Using generics to create extensible components using Typescript

We often run across this wormhole of creating elements that match our codebase/designs by over-riding the ones provided out-of-the-box via the front-end library or, in general, try and create custom elements for our codebase.

The issue comes when the code-base expands and now you want your component to do more than what you anticipated at the start, leaving you with no other option but to either re-write the old component and test everything that uses it OR write a new component from the ground up for your specific use case. The latter might seem enticing at first, but you easily end up with this mess of a codebase where you have multiple varieties of the same component, making readability for a new developer on the team to tank.

I’ll be starting off with how you can use generics in typescript to your advantage to create an extensible select element!

My assumption here is that we’ll be using Material UI to provide the base element, but you can follow along and use this on top of your current element too.

We start off by importing everything we’ll be needing

import { MenuItem, Select } from '@mui/material'
import React from 'react'
import { useFormContext, Controller, FieldErrors } from 'react-hook-form'

React hook form provides some nifty features for handling form submissions and managing dirty field states among many other things! Again, this is entirely optional, you can skip this if your codebase doesn't use react hook forms.

The key part — creating the interface for your form element

interface SelectElementProps<T> {
name: string
label: string
values: T[]
displayValue: keyof T
required?: boolean
fullWidth?: boolean
margin?: 'dense' | 'none'
errorObj?: FieldErrors
defaultValue?: string
}

What’s up with this “T”

T is typescripts Generics declaration. Think of this as something that is going to be a type declared at run-time instead of compile time.

Similarly in C#, if the type T represents is not a value type but a more complex type (class) or interface, it could be named/declared as T followed by the class name like TCar to help denote a valid type for future programmers.

Why not just use “ANY”

“Any” as the name implies, can mean anything — type safety gets thrown into the garbage and you don’t get the same safety net you’d hope to have when you use typescript in your codebase.

From one of my previous articles on software architecture patterns I talk about the Open-closed principle, in brief, it states “software entities (classes, modules, functions, etc.) should be open for extension, but closed for modification”, that is, such an entity can allow its behavior to be extended without modifying its source code.

Using these generic types is a very good example of how to stick to the open-closed principle in your code.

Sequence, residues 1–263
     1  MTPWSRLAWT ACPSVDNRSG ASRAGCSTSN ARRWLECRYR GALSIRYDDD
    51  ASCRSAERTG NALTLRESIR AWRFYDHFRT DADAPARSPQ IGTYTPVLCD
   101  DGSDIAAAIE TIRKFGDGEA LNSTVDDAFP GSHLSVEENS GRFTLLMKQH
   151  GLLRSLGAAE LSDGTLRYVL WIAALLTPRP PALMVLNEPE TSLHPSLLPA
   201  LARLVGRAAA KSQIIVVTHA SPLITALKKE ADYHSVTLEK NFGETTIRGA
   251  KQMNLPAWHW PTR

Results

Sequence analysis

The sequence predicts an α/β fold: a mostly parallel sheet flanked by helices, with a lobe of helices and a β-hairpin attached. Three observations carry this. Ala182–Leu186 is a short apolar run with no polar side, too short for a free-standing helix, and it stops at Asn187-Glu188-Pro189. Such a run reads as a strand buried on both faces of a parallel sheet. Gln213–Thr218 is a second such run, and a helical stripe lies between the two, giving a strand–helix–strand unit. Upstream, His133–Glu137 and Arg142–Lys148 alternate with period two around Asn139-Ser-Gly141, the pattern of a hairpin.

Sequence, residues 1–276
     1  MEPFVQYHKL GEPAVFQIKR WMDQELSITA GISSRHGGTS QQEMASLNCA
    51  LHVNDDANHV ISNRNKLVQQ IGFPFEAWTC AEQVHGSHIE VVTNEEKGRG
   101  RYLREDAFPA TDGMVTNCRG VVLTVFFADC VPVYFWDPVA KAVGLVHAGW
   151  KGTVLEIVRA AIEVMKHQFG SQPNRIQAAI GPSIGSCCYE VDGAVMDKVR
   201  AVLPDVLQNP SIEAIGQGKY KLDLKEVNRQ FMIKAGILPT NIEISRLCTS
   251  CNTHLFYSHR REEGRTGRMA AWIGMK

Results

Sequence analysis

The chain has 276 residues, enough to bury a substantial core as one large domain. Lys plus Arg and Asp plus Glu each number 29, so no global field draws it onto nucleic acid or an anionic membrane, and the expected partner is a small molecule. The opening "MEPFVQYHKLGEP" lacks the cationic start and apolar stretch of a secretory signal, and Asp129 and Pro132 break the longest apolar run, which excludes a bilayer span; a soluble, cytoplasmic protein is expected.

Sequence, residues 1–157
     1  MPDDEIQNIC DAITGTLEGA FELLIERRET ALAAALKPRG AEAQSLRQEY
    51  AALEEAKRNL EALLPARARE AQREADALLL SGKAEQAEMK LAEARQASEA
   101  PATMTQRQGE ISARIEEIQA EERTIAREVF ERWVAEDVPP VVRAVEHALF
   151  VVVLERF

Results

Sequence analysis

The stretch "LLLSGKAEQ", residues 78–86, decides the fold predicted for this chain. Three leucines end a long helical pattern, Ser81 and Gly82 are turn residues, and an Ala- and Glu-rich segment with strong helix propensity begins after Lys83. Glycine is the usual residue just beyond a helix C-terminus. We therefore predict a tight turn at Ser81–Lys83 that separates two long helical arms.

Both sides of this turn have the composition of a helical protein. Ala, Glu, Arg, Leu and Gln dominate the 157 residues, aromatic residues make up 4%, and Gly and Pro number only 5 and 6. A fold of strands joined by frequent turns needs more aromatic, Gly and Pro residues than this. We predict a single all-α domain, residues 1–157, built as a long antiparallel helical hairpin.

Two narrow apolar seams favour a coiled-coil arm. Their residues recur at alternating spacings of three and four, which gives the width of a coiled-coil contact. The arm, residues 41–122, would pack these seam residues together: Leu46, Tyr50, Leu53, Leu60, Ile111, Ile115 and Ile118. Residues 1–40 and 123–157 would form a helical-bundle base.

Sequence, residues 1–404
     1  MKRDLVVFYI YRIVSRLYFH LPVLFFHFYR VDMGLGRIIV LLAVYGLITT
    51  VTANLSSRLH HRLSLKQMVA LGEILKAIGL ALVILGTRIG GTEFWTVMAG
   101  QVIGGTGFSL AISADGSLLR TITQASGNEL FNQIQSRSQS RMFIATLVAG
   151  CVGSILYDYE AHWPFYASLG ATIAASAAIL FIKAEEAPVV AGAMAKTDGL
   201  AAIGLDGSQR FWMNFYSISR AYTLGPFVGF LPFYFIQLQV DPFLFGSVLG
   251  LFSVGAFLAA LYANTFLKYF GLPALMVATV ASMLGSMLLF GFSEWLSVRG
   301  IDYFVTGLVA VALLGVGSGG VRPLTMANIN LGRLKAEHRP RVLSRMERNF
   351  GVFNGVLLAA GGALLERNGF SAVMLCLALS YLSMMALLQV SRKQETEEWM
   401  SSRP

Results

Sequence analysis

Coming back to the component, let’s finish chalking it up

import { MenuItem, Select } from '@mui/material'
import React from 'react'
import { useFormContext, Controller, FieldErrors } from 'react-hook-form'
interface SelectElementProps<T> {
name: string
label: string
values: T[]
displayValue: keyof T
required?: boolean
fullWidth?: boolean
margin?: 'dense' | 'none'
errorObj?: FieldErrors
defaultValue?: string
}
export function SelectElement<T>({
name,
values,
displayValue,
required,
fullWidth,
label,
margin,
errorObj,
defaultValue
}: SelectElement<T>): JSX.Element {
const { control } = useFormContext()
function getProperty<T, Key extends keyof T>(obj: T, key: Key): string {
return obj[key] as string
}
return (
<React.Fragment>
<Controller
render={({ field: { onChange, onBlur, ref } }) => (
<React.Fragment>
<Select
label={label}
onChange={onChange}
onBlur={onBlur}
ref={ref}
error={isError}
fullWidth={fullWidth}
margin={margin}>
{values.map((e: T) => (
{getProperty(e, displayValue)}
))}
</Select>
</React.Fragment>
)}
name={name}
control={control}
defaultValue={defaultValue}
rules={{ required: required }}
/>
</React.Fragment>
)
}
export default SelectElement

If we take a look at the map function here,

{values.map((e: T) => (
{getProperty(e, displayValue)}
))}
function getProperty<T, Key extends keyof T>(obj: T, key: Key): string {
return obj[key] as string
}

You see how we can specify different keys whenever we use this component at different places, maybe a record at one place wishes to use “name” as the key whereas at some other places they want to use “value” as the key

This helps you reduce the amount of pre-processing you need to do on the input array and just bank on the fact that typescript will handle things and display the right key you specified for your array.

Imagine, using “any” here, you’d not get typescript to scream at you if you provided a key that doesn't exist in the type of array you specified and you’d end up getting just a bunch of console errors!

And that’s it! Hope this helps you in the thought process of creating generic extensible forms in the future!

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Viral Tagdiwala

Viral Tagdiwala

My work straddles around webRTC, noise reduction, and everything to do with audio over the web